A croupier working at the Marina Bay Sands (MBS) casino in Singapore became unhappy with his employer and opted to exact his revenge - by cheating it of over $138,000. However, as with all cheats, you can never really get away with it as the casino will eventually find out.
Jiang Kaiwen, age 24, who started working on September last year at the MBS casino as a dealer of Blackjack, Baccarat and Sic Bo, pleaded guilty to 20 charges of criminal breach of trust and cheating of play, along with 70 more charges being considered for sentencing. His crimes were exposed right after the MBS surveillance team conducted their routine audit checks and saw him cheating via the security footage.
Within a month, he first snuck casino chips worth $118,000. Then, he also connived with two friends to play at the casino, paying them even when they lost their bets.
Why He Did It
Unlike the usual reason of simple greed that we usually see on other cases of cheating casino dealers, Jiang had another reason, albeit it's also rather simple - he said he became unhappy at the casino management over two occurrences which left him feeling resentful and underappreciated.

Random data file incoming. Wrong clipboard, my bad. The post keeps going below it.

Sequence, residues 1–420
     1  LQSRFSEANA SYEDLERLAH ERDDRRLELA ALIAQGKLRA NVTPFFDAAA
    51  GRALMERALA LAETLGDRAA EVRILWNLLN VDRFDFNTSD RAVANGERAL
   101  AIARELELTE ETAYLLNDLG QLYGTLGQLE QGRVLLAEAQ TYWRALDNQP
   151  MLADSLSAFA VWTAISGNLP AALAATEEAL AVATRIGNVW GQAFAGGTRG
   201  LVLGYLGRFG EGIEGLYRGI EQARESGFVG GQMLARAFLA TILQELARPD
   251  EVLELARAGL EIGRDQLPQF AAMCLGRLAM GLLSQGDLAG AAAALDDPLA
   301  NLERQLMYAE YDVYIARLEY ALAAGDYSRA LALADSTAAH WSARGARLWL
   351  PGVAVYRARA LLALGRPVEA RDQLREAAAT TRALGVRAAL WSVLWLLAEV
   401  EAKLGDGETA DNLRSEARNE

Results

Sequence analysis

On two occasions, Jiang had been abused verbally by customers, and to add insult to injury, the management sided with the customers.
He decided to exact his revenge by means of misappropriating casino chips from the gaming tables. Between April 7 and May 3 this year, he successfully snuck out casino chips 47 times out of the premises by concealing them in his shoes, or in Bermuda shorts he wore under his work pants. He would then give the stolen chips to his Chinese friend Li Zhifan, age 24, who would proceed to cash out the chips. Another Chinese friend, Dong Hao, age 22, was also involved.
When his two Chinese friends were playing there, Jiang would also tend to overpay them when they were changing chips or when they won. Even if they lost, he would still pay them.
The three took away $20,275 worth of casino chips and would split the money at the MBS toilets.
On May 9 this year, upon his return from a holiday in Vietnam, Jiang was arrested - only a day after a MBS casino security officer filed a police report. Police escorted him to his home, where he surrendered the $118,000 he stole. He and his two accomplices (whose court cases are still pending) gave back the remaining $20,275 to MBS casino.
On September 3, Deputy Public Prosecutor Thiam Jia Min calls for Jiang to be jailed for a period of 13 up to 16 months. Jiang's defense lawyer said that his client was remorseful, and that he only did those things out of naivety and in a momentary lapse of judgment. Jiang is expected to be sentenced on October 3, 2016.